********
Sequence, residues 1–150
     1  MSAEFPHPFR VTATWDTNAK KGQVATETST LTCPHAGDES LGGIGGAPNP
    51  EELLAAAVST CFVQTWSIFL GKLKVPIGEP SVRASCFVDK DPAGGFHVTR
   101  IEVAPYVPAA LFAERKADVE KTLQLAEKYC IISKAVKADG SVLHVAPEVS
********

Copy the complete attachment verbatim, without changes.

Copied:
Sequence, residues 1–150
     1  MSAEFPHPFR VTATWDTNAK KGQVATETST LTCPHAGDES LGGIGGAPNP
    51  EELLAAAVST CFVQTWSIFL GKLKVPIGEP SVRASCFVDK DPAGGFHVTR
   101  IEVAPYVPAA LFAERKADVE KTLQLAEKYC IISKAVKADG SVLHVAPEVS